Book review: Rudolfo Anaya’s “The Old Man’s Love Story”

OldMan'sLoveStoryRudolfo Anaya’s newest novel, The Old Man’s Love Story (The University of Oklahoma Press) is a book that will touch your heart because it feels so real – after all, it’s based on Anaya’s own experiences as a widower.

The book begins as the old man (no name is given) sees his wife dying after an illness. The grief is profound as he thinks about her everywhere he goes – including the grocery store.

“A flickering memory suddenly burned bright. His wife’s lovely breasts. Other memories came piling on him. Whenever he passed won the cereal aisle, tears filled his eyes. He would never again buy her favorite cereal.”

He tries to be active – going to a water aerobics class, eating dinner with friends and family, and even dating a high school friend who lost her husband. But the memories keep coming up as he deals with growing older. (“Old people know bathrooms are dangerous places.”) He thinks about their travels and the rooms she carved in his heart. At one point he tries to conjure up her spirit by placing her pictures in a circle.

“He couldn’t say the magic word and have her appear. He would never again hold her in his arms.”

The book, at 170 pages, is easy to read thanks to Anaya’s simple prose. I thought the book would be depressing, but it’s not. Anaya writes in a matter-of-fact tone that doesn’t sound self-pitying and many readers will be able to relate to his struggles.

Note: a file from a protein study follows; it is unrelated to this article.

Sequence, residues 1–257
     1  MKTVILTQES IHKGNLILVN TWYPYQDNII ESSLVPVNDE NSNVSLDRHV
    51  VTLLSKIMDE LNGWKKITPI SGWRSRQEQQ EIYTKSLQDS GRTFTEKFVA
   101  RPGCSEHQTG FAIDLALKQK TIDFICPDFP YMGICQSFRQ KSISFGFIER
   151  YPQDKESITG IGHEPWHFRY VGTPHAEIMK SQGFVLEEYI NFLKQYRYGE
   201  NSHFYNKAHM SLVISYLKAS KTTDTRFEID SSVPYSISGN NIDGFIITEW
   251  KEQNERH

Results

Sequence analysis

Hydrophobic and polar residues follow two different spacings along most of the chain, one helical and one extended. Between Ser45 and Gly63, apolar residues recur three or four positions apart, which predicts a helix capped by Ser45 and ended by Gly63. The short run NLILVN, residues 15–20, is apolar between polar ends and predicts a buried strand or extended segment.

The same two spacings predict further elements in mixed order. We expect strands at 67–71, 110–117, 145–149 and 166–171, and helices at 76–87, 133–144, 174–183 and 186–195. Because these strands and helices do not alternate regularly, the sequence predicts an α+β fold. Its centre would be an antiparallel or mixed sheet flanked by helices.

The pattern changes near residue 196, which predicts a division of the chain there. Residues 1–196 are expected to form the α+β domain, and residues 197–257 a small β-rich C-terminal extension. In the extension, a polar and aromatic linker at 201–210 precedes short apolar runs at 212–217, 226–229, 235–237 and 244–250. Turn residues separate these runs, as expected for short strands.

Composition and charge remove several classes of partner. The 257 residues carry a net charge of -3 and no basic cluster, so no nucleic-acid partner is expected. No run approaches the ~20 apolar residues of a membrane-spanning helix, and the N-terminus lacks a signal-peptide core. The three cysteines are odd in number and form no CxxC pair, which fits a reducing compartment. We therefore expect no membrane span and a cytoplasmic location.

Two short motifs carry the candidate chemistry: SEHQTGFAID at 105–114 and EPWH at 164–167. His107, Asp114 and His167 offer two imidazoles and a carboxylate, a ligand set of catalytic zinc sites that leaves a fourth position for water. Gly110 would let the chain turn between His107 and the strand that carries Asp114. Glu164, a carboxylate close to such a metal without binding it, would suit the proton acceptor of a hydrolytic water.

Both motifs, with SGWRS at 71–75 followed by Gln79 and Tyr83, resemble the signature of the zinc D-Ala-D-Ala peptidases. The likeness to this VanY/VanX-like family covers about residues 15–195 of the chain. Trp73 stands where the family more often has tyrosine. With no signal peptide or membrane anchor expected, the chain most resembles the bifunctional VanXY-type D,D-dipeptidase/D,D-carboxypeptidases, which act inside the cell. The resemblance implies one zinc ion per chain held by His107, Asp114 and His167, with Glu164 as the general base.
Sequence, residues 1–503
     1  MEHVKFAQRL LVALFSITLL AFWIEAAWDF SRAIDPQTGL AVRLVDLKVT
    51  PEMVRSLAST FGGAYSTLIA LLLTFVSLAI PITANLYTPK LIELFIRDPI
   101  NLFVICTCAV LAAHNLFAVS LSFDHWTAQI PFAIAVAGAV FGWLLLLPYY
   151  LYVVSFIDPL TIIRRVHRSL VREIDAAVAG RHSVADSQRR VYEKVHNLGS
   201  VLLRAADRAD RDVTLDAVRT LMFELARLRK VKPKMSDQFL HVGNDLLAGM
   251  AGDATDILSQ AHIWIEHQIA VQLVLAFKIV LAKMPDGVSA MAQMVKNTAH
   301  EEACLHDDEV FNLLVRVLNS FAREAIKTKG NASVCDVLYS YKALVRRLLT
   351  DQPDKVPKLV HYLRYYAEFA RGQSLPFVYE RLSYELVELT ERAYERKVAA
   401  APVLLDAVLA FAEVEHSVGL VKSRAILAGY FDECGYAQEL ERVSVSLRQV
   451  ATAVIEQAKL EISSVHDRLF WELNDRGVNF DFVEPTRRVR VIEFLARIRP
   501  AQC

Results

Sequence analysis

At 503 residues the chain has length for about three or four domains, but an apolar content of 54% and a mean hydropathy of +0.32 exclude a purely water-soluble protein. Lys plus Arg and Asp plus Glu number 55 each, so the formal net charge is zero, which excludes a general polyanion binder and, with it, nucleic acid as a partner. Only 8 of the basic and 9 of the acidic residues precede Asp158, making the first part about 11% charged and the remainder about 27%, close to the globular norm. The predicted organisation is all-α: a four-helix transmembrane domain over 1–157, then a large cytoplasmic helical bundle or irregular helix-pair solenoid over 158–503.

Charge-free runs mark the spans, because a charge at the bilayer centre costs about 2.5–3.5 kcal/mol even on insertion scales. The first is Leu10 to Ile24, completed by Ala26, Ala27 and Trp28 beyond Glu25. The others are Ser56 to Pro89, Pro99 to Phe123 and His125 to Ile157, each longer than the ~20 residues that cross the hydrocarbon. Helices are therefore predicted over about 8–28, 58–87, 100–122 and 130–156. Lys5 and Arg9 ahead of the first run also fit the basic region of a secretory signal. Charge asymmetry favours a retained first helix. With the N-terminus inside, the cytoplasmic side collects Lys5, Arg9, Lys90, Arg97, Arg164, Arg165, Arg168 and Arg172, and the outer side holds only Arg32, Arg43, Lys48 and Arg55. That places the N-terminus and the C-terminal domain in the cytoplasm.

I have one minor complaint about the book. The old man seems to idealize his wife – which is natural, but I would like to know if they had any arguments or is she did anything that annoyed him.

Still, The Old Man’s Love Story is a beautiful love story. Your heart aches for the old man, as he tries to live each day without his soulmate. You may wish you had a love like they did.

Rudulfo AnayaMore about Rudolfo Anaya:

The New Mexico-based Anaya is best known for his 1972 classic, Bless Me Ultima, which was released as a movie earlier this year. He has written numerous children’s books and novels, including the Sonny Baca detective series and Randy Lopez Goes Home.

Source: I received a review copy from the publisher.

Another excellent book about a man dealing with the death of his wife, although in different circumstances, is Francisco Goldman’s 2011 novel Say Her Name.

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Filed under 2013 Books, Book Reviews, Fiction

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